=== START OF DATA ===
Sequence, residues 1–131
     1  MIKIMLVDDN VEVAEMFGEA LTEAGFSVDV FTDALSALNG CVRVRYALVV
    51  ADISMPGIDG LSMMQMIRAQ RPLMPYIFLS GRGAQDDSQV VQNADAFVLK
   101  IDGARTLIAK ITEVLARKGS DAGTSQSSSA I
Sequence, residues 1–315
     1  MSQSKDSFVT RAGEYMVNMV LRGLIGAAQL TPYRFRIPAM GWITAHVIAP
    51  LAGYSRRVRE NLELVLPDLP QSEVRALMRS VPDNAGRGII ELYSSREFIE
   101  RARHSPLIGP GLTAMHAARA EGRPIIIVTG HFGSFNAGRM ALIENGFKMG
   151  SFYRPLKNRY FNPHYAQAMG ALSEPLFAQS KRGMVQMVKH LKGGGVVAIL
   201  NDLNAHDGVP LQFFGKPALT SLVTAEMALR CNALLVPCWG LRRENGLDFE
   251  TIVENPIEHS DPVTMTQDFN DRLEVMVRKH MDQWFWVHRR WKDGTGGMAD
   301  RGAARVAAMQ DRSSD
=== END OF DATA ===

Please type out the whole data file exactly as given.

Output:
Sequence, residues 1–131
     1  MIKIMLVDDN VEVAEMFGEA LTEAGFSVDV FTDALSALNG CVRVRYALVV
    51  ADISMPGIDG LSMMQMIRAQ RPLMPYIFLS GRGAQDDSQV VQNADAFVLK
   101  IDGARTLIAK ITEVLARKGS DAGTSQSSSA I
Sequence, residues 1–315
     1  MSQSKDSFVT RAGEYMVNMV LRGLIGAAQL TPYRFRIPAM GWITAHVIAP
    51  LAGYSRRVRE NLELVLPDLP QSEVRALMRS VPDNAGRGII ELYSSREFIE
   101  RARHSPLIGP GLTAMHAARA EGRPIIIVTG HFGSFNAGRM ALIENGFKMG
   151  SFYRPLKNRY FNPHYAQAMG ALSEPLFAQS KRGMVQMVKH LKGGGVVAIL
   201  NDLNAHDGVP LQFFGKPALT SLVTAEMALR CNALLVPCWG LRRENGLDFE
   251  TIVENPIEHS DPVTMTQDFN DRLEVMVRKH MDQWFWVHRR WKDGTGGMAD
   301  RGAARVAAMQ DRSSD